Chapter 3 Higher order derivatives

Embed Size (px)

Text of Chapter 3 Higher order derivatives

  • Higher order derivatives 1

    Chapter 3 Higher order derivatives

    You certainly realize from single-variable calculus how very important it is to use derivativesof orders greater than one. The same is of course true for multivariable calculus. In particular,we shall definitely want a second derivative test for critical points.

    A. Partial derivatives

    First we need to clarify just what sort of domains we wish to consider for our functions.So we give a couple of definitions.

    DEFINITION. Suppose x0 A Rn. We say that x0 is an interior point of A if thereexists r > 0 such that B(x0, r) A.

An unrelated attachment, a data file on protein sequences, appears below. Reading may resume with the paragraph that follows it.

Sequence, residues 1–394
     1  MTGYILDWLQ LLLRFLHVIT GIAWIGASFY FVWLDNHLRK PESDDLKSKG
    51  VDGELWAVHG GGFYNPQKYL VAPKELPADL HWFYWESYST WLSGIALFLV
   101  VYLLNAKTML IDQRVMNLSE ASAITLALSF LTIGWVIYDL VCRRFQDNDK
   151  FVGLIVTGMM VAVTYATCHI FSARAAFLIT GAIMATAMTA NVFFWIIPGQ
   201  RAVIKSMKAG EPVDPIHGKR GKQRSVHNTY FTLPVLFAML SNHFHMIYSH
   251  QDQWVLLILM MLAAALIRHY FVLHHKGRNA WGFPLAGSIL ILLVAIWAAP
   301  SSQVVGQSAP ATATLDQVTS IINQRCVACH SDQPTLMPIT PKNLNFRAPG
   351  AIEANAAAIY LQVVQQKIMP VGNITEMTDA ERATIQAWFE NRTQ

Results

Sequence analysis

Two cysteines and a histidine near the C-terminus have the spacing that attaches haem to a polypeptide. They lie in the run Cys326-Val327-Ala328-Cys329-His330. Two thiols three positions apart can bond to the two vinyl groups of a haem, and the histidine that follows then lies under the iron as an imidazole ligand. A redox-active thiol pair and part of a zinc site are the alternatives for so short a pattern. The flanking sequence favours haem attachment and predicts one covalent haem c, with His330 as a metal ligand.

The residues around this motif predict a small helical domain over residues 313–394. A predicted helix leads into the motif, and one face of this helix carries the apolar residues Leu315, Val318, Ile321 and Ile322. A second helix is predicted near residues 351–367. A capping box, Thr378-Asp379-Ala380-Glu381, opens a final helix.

A

    DEFINITION. A set A Rn is said to be open if every point of A is an interior point ofA.

    EXAMPLE. An open ball is an open set. (So we are fortunate in our terminology!) To seethis suppose A = B(x, r). Then if y A, x y < r and we can let

    = r x y.Then B(y, ) A. For if z B(y, ), then the triangle inequality implies

    z x z y + y x< + y x= r,

    so that z A. Thus B(y, ) B(x, r) (cf. Problem 134). This proves that y is an interiorpoint of A. As y is an arbitrary point of A, we conclude that A is open.

    PROBLEM 31. Explain why the empty set is an open set and why this is actually aproblem about the logic of language rather than a problem about mathematics.

    PROBLEM 32. Prove that if A and B are open subsets of Rn, then their unionA B and their intersection A B are also open.

  • 2 Chapter 3

    PROBLEM 33. Prove that the closed ball B(x, r) is not open.